Why Radical Disruption is not Always Beneficial: Lessons from Demonetization

Is Demonetization an Example of Radical Disruption?

The Indian Economy and Body Polity was treated to a Shock Exercise when the Indian Prime Minister, Narendra Modi, decided to demonetize 80% of the total currency in circulation at a stroke of a sudden announcement and in a most unilateral and arbitrary manner.

This policy announcement that took almost everyone by surprise was touted as a means of radically altering the Status Quo as a prelude to the War on Corruption.

Indeed, by most accounts, such a disruptive economic policy was never implemented anywhere in the world, let alone India.

While its proponents pointed to it as the only way in which the Indian Economy could be cleansed free of Black Money, its opponents took the view that such earthshaking moves must be planned well in advance and implemented thoughtfully.

Indeed, the fact that Demonetization impacted the Indian Economy has been borne out by subsequent studies done by reputed economists who questioned the motives behind such a gigantic and gargantuan move.

Of course, such policy measures are endemic to the Neoliberal Capitalist Free Market ideologies as the very basis for this economic paradigm rests on the foundation of Shock Therapy and Radical Disruption of the Status Quo.

Uber as an Example of Successful Radical Disruption

Agreed that the emerging Digital Economy is all about Disruption as can be seen from the way I Startups such as Uber have profited immensely from their Game Changing Business Models built on Platform Capitalism.

Indeed, Uber is an example of a Unicorn that capitalized on the Aggregator Model of Capitalism wherein the Internet and Smartphone based technologies have obviated the need for intermediaries.

In other words, as Brokers and Middlemen thrive because they have “access” to buyers and sellers and have more information than either, they are able to monetize their knowledge and reap the benefits of Asymmetries of Information.

Uber, by connecting the buyers and sellers directly through its App ensured that the savings accrued thus could be passed on to the Drivers and the Riders.

Thus, Uber is an example of a Radical Disruption that was beneficial and hence, more than ever, many have been tempted to follow the route taken by it and other App based firms.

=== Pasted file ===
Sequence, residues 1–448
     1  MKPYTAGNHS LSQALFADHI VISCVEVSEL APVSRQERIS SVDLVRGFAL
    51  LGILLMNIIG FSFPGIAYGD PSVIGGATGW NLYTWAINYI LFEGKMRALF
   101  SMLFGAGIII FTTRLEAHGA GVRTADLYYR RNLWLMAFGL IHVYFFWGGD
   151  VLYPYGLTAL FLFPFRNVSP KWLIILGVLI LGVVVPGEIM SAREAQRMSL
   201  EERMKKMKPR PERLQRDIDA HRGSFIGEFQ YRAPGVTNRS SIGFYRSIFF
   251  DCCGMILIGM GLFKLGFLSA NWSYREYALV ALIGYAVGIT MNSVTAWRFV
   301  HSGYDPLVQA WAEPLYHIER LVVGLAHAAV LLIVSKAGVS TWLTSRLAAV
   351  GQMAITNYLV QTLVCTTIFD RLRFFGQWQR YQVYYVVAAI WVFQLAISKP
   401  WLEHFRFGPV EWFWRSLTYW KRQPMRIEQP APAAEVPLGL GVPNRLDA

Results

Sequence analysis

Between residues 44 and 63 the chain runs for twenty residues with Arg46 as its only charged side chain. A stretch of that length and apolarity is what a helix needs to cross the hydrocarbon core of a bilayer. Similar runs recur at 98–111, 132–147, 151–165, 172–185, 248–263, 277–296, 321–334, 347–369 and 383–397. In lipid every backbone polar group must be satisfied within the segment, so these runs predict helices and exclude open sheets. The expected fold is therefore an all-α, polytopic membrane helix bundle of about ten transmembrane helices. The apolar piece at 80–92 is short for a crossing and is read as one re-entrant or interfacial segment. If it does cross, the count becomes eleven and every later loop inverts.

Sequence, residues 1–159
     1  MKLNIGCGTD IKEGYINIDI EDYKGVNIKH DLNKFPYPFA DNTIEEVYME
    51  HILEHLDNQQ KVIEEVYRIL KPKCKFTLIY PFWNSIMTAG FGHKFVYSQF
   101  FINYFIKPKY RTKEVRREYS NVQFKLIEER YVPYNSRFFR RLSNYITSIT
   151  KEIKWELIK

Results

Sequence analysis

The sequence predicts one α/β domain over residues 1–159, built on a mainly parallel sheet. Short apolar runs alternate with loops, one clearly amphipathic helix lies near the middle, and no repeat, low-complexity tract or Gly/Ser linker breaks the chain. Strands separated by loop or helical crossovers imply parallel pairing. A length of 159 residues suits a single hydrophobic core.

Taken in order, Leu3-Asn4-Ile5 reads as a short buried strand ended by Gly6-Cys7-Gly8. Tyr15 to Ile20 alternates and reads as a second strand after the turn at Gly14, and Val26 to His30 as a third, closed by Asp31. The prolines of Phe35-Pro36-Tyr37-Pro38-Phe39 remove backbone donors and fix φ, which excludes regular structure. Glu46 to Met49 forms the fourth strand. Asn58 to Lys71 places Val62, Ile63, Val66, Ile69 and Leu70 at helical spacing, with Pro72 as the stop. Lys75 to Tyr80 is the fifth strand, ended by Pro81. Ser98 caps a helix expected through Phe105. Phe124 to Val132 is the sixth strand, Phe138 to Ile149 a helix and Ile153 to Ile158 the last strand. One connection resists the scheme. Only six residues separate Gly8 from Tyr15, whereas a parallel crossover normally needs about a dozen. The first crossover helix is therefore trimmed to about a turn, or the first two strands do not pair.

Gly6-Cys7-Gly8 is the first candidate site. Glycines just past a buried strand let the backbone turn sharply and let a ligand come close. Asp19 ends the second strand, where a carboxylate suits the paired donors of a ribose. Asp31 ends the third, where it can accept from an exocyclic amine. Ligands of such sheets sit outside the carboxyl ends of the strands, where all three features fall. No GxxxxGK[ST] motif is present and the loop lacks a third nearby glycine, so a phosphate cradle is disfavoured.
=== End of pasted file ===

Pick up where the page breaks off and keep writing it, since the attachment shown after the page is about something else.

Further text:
Why Demonetization Failed and Lessons for Other Disruptors

Indeed, this can be an explanation why the Indian PM decided to address the nation directly when announcing Demonetization and hoping that the removal of the arbiters of contacts and information meant that he was directly talking to the people in order to win them over.

Thus, it can be argued that Demonetization was a Stellar Example of a Radical Disruption except that it failed and that too spectacularly as can be seen from the subsequent liquidity crunch and the resignation of the RBI (Reserve Bank of India) governor, Urjit Patel.

The primary lesson from Demonetization is that radical disruption can succeed only when the necessary conditions and the foundations of the system on which it is being thrust are ready for it.

In the case of India where a majority of the people lack access to formal banking channels and where the penetration of Digital Technologies is abysmally poor, one cannot expect the Indian Populace to transform themselves overnight and use electronic payment channels and digital forms of banking.

Indeed, more than anything else, Demonetization impacted the Rural Economy as can be seen from the severe farm distress and the near collapse of SMEs or Small and Medium Enterprises. One cannot simply ask the citizens to stop using cash when the infrastructure for the alternatives is not in place.

Moreover, India is cash driven economy where cultural and social mores are such that many people use informal credit channels and have a cultural affinity to using cash rather than relying on cards.

Thus, while as an idea, Demonetization might have been what the Indian Economy needed at some point, the way in which it was implemented without any consideration of the ground realities meant that it was a Dangerous Idea Doomed from the Start. Having said that, Demonetization succeeded in bringing more people into the Tax Bracket and hence, it can be said that at least, this was a Net Gain.

Creative Destruction and Radical Disruption Gone Spectacularly Wrong

As mentioned earlier, capitalism works by Creative Destruction and hence, from time to time, the laggards need a Kick on the Butt to Shape Up or Ship Out.

In other words, the radical disruption is part of Neoliberal Capitalism and in this sense; the Demonetization exercise might have spurred Indians to action and shaken them from their complacency.

On the other hand, there has been other equally radical innovations world over that failed mainly because the market for them never existed and the consumers were simply not prepared for them.

The Concorde Supersonic Flight, the Polaroid Camera, and the Iridium Satellite Phone are examples of radical disruption that did not click with the Consumers.

Thus, as the preceding discussion showed, Demonetization failed mainly due to the wrong assessment of the ground conditions including the premise that Black Money was in the form of cash and not real estate or gold.

Moreover, India is yet to shake off its Socialist attitudes which meant that radical disruption like in the Capitalist West might not succeed.

The inescapable feeling is that perhaps, Demonetization was a Disruption Whose Time Had Not Yet Come.

Therefore, to conclude, radical disruptions are not always healthy or beneficial and hence, it is better to study the preconditions and the way in which the measure is implemented.


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